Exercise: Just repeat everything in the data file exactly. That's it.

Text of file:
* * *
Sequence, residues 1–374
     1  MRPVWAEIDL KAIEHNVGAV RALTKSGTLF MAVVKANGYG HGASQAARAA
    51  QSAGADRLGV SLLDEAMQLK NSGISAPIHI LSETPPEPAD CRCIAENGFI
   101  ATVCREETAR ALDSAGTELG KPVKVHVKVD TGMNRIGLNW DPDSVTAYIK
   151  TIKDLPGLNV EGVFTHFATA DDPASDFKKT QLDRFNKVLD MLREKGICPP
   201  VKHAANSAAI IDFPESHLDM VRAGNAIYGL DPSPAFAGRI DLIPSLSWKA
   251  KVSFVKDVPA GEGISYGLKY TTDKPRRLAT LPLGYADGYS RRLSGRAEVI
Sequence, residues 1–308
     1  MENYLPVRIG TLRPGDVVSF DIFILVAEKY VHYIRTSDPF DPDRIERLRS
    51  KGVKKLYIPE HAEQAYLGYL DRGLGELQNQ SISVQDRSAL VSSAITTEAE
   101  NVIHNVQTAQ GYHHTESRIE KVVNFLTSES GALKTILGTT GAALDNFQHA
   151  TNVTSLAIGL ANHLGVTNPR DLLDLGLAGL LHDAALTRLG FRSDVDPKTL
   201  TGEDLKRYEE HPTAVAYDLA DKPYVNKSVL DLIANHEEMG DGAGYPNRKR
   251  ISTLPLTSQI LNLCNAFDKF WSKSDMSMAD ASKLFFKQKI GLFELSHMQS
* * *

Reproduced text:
Sequence, residues 1–374
     1  MRPVWAEIDL KAIEHNVGAV RALTKSGTLF MAVVKANGYG HGASQAARAA
    51  QSAGADRLGV SLLDEAMQLK NSGISAPIHI LSETPPEPAD CRCIAENGFI
   101  ATVCREETAR ALDSAGTELG KPVKVHVKVD TGMNRIGLNW DPDSVTAYIK
   151  TIKDLPGLNV EGVFTHFATA DDPASDFKKT QLDRFNKVLD MLREKGICPP
   201  VKHAANSAAI IDFPESHLDM VRAGNAIYGL DPSPAFAGRI DLIPSLSWKA
   251  KVSFVKDVPA GEGISYGLKY TTDKPRRLAT LPLGYADGYS RRLSGRAEVI
Sequence, residues 1–308
     1  MENYLPVRIG TLRPGDVVSF DIFILVAEKY VHYIRTSDPF DPDRIERLRS
    51  KGVKKLYIPE HAEQAYLGYL DRGLGELQNQ SISVQDRSAL VSSAITTEAE
   101  NVIHNVQTAQ GYHHTESRIE KVVNFLTSES GALKTILGTT GAALDNFQHA
   151  TNVTSLAIGL ANHLGVTNPR DLLDLGLAGL LHDAALTRLG FRSDVDPKTL
   201  TGEDLKRYEE HPTAVAYDLA DKPYVNKSVL DLIANHEEMG DGAGYPNRKR
   251  ISTLPLTSQI LNLCNAFDKF WSKSDMSMAD ASKLFFKQKI GLFELSHMQS